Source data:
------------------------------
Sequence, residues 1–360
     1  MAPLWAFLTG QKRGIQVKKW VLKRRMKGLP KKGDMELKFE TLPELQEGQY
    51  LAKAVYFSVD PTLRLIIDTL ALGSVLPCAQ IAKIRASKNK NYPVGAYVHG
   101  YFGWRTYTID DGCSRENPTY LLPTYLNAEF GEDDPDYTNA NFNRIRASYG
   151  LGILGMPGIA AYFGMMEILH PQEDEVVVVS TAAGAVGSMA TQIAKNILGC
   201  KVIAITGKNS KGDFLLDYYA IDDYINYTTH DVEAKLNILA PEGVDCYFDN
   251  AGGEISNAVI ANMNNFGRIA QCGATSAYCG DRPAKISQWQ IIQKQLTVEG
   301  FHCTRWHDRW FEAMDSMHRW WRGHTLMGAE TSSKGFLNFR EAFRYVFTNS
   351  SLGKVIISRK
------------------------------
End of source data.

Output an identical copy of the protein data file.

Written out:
Sequence, residues 1–360
     1  MAPLWAFLTG QKRGIQVKKW VLKRRMKGLP KKGDMELKFE TLPELQEGQY
    51  LAKAVYFSVD PTLRLIIDTL ALGSVLPCAQ IAKIRASKNK NYPVGAYVHG
   101  YFGWRTYTID DGCSRENPTY LLPTYLNAEF GEDDPDYTNA NFNRIRASYG
   151  LGILGMPGIA AYFGMMEILH PQEDEVVVVS TAAGAVGSMA TQIAKNILGC
   201  KVIAITGKNS KGDFLLDYYA IDDYINYTTH DVEAKLNILA PEGVDCYFDN
   251  AGGEISNAVI ANMNNFGRIA QCGATSAYCG DRPAKISQWQ IIQKQLTVEG
   301  FHCTRWHDRW FEAMDSMHRW WRGHTLMGAE TSSKGFLNFR EAFRYVFTNS
   351  SLGKVIISRK